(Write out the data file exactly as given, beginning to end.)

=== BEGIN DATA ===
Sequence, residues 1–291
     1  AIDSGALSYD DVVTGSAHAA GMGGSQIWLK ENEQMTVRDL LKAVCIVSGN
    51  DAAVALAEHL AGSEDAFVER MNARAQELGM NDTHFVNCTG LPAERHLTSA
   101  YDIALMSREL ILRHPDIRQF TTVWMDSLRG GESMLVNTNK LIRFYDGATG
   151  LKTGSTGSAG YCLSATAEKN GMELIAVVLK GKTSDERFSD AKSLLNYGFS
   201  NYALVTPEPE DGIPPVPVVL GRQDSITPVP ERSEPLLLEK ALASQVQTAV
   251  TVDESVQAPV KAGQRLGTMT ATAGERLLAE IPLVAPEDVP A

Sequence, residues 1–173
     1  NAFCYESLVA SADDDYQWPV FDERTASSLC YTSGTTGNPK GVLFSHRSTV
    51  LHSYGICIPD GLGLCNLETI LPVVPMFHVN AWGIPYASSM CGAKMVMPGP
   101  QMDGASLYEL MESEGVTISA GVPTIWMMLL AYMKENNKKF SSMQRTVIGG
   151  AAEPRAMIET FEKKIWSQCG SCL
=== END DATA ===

Sequence, residues 1–291
     1  AIDSGALSYD DVVTGSAHAA GMGGSQIWLK ENEQMTVRDL LKAVCIVSGN
    51  DAAVALAEHL AGSEDAFVER MNARAQELGM NDTHFVNCTG LPAERHLTSA
   101  YDIALMSREL ILRHPDIRQF TTVWMDSLRG GESMLVNTNK LIRFYDGATG
   151  LKTGSTGSAG YCLSATAEKN GMELIAVVLK GKTSDERFSD AKSLLNYGFS
   201  NYALVTPEPE DGIPPVPVVL GRQDSITPVP ERSEPLLLEK ALASQVQTAV
   251  TVDESVQAPV KAGQRLGTMT ATAGERLLAE IPLVAPEDVP A

Sequence, residues 1–173
     1  NAFCYESLVA SADDDYQWPV FDERTASSLC YTSGTTGNPK GVLFSHRSTV
    51  LHSYGICIPD GLGLCNLETI LPVVPMFHVN AWGIPYASSM CGAKMVMPGP
   101  QMDGASLYEL MESEGVTISA GVPTIWMMLL AYMKENNKKF SSMQRTVIGG
   151  AAEPRAMIET FEKKIWSQCG SCL